Food, fuel, others gulp $14.5bn amid dollar scarcity
Amid lingering dollar scarcity, the amount of foreign exchange used by Nigeria for food, fuel and other imports jumped by 45 percent in the first half of this year compared to the same period last year.
The country spent $14.5 billion on imports in the six-month period, up from $10.04 billion in H1 2021, according to the Central Bank of Nigeria‘s (CBN) data on sectoral utilisation for transactions valid for forex.
The industrial sector accounted for the lion’s share of the forex supplied for imports, followed by manufactured products, food products, oil sector (petroleum products), and education services.
The external reserves of Africa’s biggest economy fell from $40.52 billion at the end of last year to $38.92 billion on August 9, 2022, CBN data show.
The country depends heavily on imports for almost everything, and this has continued to put pressure on the naira exchange rate as importers need forex, especially the United States dollar, to bring goods into the country.
The forex utilised for fuel imports increased by 35.14 percent to $679.47 million in H1 2022 compared to a year earlier, according to the central bank.
Nigeria relies wholly on imports to meet its fuel needs as its loss-making refineries have been shut down since 2020 for rehabilitation.
The apex bank has adopted some capital controls in recent years to stabilise the naira and conserve the country’s foreign reserves.
In June 2015, the CBN excluded importers of 41 goods and services, including some food products, from accessing forex in a bid to conserve the external reserves as well as encourage local production of those items.
In December 2018, the bank included fertiliser on the list of 41 items classified as ‘not valid for foreign exchange in the Nigerian forex market’.
The other items include rice, meat and processed meat products, chickens, eggs, tomatoes and tomato paste, and vegetables and processed vegetable products.
The central bank said in July 2019 that it would restrict the sale of forex for the importation of milk from the Nigerian forex market.
In September 2020, President Muhammadu Buhari gave a directive to the CBN to stop issuing forex for food and fertiliser imports, saying that firms that were bent on importing food should source their forex elsewhere.
“Nobody importing food should be given money,” he was quoted in a statement from the Presidency as saying at a meeting of the National Food Security Council at the Presidential Villa, Abuja.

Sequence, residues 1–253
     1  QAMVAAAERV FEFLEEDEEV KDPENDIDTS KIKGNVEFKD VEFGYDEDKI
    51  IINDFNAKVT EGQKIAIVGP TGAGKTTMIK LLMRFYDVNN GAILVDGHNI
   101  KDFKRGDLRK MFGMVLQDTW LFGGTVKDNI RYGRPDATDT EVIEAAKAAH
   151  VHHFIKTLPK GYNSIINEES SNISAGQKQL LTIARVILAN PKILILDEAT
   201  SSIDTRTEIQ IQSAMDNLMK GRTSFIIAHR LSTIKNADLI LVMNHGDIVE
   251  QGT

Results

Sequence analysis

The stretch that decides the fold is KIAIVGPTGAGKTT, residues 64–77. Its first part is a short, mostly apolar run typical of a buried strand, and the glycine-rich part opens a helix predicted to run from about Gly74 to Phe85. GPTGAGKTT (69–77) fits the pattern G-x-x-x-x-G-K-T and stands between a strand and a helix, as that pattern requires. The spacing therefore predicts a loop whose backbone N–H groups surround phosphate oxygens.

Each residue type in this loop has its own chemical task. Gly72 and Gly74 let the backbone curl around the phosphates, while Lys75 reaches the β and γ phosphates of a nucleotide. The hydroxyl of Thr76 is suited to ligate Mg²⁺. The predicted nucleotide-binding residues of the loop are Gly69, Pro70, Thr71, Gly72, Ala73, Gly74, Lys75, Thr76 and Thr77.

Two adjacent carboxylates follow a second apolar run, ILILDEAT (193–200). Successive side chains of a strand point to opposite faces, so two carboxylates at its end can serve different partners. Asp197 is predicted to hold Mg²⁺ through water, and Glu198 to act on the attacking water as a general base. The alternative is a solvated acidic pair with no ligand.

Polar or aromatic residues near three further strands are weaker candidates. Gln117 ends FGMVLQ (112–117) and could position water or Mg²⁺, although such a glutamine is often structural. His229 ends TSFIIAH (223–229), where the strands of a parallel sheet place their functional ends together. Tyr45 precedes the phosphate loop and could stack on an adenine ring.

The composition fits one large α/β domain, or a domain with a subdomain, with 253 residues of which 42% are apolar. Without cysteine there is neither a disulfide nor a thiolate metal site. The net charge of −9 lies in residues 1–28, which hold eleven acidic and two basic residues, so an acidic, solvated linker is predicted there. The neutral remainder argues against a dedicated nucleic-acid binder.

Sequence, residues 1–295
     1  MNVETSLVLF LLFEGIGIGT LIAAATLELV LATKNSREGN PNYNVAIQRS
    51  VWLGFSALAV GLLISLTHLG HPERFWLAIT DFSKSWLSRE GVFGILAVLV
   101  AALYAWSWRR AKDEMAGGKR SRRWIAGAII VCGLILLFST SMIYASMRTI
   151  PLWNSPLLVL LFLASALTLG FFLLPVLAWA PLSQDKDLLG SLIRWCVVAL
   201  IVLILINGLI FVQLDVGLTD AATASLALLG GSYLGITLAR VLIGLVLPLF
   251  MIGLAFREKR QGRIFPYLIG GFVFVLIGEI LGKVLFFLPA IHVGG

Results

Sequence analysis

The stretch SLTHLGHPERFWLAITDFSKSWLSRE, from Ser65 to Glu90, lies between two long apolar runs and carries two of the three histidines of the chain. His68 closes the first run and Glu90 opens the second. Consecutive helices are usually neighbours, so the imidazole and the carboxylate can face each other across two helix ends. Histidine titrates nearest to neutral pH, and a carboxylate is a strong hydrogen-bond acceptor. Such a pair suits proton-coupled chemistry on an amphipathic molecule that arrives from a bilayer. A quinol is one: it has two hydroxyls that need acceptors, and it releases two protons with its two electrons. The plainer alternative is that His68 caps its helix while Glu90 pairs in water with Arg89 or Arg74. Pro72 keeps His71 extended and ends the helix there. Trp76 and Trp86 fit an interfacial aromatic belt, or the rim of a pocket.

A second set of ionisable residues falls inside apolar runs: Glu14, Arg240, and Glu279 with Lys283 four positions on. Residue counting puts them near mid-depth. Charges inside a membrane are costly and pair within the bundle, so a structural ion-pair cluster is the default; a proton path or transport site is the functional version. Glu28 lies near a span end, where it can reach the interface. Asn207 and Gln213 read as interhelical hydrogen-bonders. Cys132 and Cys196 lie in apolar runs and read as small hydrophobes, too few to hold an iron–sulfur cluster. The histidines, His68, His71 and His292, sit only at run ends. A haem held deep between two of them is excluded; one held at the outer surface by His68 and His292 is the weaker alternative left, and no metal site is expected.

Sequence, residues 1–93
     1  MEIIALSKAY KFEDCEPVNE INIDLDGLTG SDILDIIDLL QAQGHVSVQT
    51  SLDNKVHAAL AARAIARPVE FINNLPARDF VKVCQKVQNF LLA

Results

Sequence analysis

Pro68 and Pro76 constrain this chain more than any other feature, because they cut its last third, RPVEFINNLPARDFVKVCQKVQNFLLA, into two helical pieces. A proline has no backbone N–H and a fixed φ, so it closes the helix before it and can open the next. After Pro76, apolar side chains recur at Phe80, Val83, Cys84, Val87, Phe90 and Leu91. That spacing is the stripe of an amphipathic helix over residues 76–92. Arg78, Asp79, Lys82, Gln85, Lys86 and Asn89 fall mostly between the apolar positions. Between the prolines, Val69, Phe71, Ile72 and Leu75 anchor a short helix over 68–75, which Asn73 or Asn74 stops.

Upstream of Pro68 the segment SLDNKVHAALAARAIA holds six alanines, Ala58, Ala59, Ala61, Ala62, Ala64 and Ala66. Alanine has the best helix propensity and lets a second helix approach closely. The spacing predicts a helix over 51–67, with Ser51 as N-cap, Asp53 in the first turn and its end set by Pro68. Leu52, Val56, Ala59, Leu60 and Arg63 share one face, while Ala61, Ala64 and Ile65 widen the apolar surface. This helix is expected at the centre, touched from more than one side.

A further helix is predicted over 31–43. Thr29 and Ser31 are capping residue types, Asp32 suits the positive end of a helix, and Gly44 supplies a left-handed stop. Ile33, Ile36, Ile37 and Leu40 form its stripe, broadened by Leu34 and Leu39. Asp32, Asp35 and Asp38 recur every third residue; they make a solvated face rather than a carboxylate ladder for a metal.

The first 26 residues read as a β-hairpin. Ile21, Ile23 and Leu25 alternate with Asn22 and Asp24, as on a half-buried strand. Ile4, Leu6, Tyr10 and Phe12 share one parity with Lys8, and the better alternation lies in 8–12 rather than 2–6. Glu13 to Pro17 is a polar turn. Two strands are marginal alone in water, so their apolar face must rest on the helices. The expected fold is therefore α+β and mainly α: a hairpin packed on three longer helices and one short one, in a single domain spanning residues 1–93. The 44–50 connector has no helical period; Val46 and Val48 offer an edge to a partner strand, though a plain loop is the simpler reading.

But stakeholders in the country’s agricultural sector faulted the president’s statement, saying the country does not currently grow enough food for its 200 million people.
The forex used for food products imports rose to $1.20 billion in H1 2022 from N1.04 billion in the same period last year, according to the central bank.
“We still do not grow enough to feed our fast-rising population; so we still need to import to augment the shortfall,” said Victor Olowe, a professor and agronomist at the Institute of Food Security, Environmental Resources and Agricultural Research.
“We need to address issues of insecurity in the country to produce more of the crops we have a comparative advantage, so our food trade balance can be surplus and not the deficit we have currently,” Olowe said.
Despite having a comparative advantage in the production of cocoa, cashew, ginger, and other exportable agricultural commodities, Nigeria still earns little from their exports as the bulk of the crops are exported raw.
“Value addition must be critical in our agricultural revolution if we must reduce food importation,” Kola Adebayo, a professor at the Federal University of Agriculture, Abeokuta, said.
“We must also address lingering infrastructural challenges that have continued to hinder us from developing the agriculture that can drive exports and create jobs. This is what the likes of Brazil did to become top commodity exporters,” Adebayo said.
The federal government has in the last seven years spent billions on various agricultural programmes to spur local food production, but the demand for most staple foods in the country still outpaces local supply.
Nigeria recorded a N2.29 trillion food trade deficit in 2021, compared to N1.42 trillion in 2020, indicating a 61 percent increase. In 2019, the agricultural sector recorded a trade deficit of N1.3 trillion and N1.02 trillion in 2018, according to a recent report by Flour Mills of Nigeria.
Boye Olusanya, group managing director and chief executive officer at Flour Mills of Nigeria Plc, at a recent Lagos Business School breakfast meeting, said despite several efforts towards import substitution, the country still relied heavily on food imports.
“Notwithstanding perennial efforts at import substitution, Nigeria’s food imports bill continues to grow. Food imports are growing much faster than food exports, leading to a steady widening of food trade deficit,” he said.